poet

Liz Waldner

Cleveland , OH , United States
Liz Waldner

Born in Cleveland, Ohio, Liz Waldner was raised in rural Mississippi. She received a BA in philosophy and mathematics from St. John's College, and an MFA from the Iowa Writers' Workshop.

She wrote for eighteen years before her first book of poems, Homing Devices, was published in 1998 by O Books. Her second book, A Point Is That Which Has No Part (University of Iowa Press, 2000), received the 2000 James Laughlin Award and the 1999 Iowa Poetry Prize.

Since then, she has published several collections of poems, most recently Play (Lightful Press, 2009); Trust (Cleveland State University Press, 2009), winner of the Poetry Center Open Competition; Saving the Appearances (Ahsahta Press, 2004); Dark Would (the missing person) (University of Georgia Press, 2002) winner of the 2002 Contemporary Poetry Series; Etym(bi)ology (Omnidawn Press, 2002); and Self and Simulacra (2001), winner of the Alice James Books Beatrice Hawley Prize.

About Waldner's work, the poet Gillian Conoley has said, "Liz Waldner is a poet of high wit, high intelligence, and great musical rigor—she may be our Postmodern Metaphysical poet plummeting deeper and deeper with each book into the questions of self, sexuality, and knowing...." And the poet and critic Stephen Burt has said, "She has become one of the most convincing and most inspiring of our poets."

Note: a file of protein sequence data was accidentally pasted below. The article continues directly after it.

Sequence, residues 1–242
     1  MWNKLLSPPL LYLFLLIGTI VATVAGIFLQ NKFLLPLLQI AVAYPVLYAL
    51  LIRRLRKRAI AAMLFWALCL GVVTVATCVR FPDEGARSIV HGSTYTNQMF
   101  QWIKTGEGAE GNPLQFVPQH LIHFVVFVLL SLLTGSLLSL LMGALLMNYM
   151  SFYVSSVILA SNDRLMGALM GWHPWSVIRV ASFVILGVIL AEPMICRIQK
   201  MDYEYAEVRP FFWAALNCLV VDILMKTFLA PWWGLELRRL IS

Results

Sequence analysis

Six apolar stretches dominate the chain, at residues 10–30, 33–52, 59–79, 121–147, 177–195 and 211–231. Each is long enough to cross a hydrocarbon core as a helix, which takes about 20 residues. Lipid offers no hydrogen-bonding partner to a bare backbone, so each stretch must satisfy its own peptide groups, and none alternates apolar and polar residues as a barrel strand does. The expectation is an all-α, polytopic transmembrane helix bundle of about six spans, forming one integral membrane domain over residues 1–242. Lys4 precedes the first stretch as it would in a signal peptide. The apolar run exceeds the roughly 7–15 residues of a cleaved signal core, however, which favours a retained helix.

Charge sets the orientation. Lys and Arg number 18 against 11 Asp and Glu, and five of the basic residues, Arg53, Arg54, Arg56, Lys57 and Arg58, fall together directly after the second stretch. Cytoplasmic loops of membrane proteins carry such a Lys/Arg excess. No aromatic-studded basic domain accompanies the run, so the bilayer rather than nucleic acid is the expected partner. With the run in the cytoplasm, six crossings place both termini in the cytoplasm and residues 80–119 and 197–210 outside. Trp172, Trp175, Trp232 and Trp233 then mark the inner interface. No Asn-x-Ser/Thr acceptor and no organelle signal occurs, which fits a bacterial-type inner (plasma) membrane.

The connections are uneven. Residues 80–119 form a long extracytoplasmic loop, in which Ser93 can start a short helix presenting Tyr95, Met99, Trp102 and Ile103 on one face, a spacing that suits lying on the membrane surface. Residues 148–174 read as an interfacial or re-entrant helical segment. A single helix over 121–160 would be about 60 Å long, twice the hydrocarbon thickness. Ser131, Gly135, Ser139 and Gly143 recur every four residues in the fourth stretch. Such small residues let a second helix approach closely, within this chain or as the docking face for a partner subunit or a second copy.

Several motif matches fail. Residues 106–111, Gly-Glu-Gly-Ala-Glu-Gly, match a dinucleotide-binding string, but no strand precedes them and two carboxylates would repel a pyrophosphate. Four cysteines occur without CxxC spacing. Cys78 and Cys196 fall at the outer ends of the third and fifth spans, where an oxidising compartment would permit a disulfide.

Waldner's honors include grants from the Massachusetts Cultural Council, the Boomerang Foundation, and the Barbara Deming Memorial Money for Women Fund. She has also received fellowships from the Vermont Studio Center, the Djerassi Foundation, and the MacDowell Colony.

by this poet

poem
The better to hear
you with, my dear.

Come right
in, prayer.

Let those who have ears to hear, hear.
(Ab. Sourd, bien sûr.)

Of course, of course.
Amo, amas:

He listens.
She glistens.

Dear god, don't
let me use.

Shadows wave. Wane.
Weather, and in that vein,

a work of translation:
shoot
poem
This evening, walking along the long field
My eye was drawn to a living shimmer in the sky:
Three aspens alone alive in a world of almost motionless 
Cottonwood and willow and Chinese elm trees.

The breeze that barely stirred the others
Sprang it free, spangling leaves like light on water,
An electric flutter,
poem
If I were in a book it would be the book
in which some lesser angel bemoans
the state of my soul

and is comforted for it
and is corrected for it

by some greater angel who knows
as the reader knows that it is not my soul
that suffers the indignities of ignobility: 
the inability to curb the petty smallness
of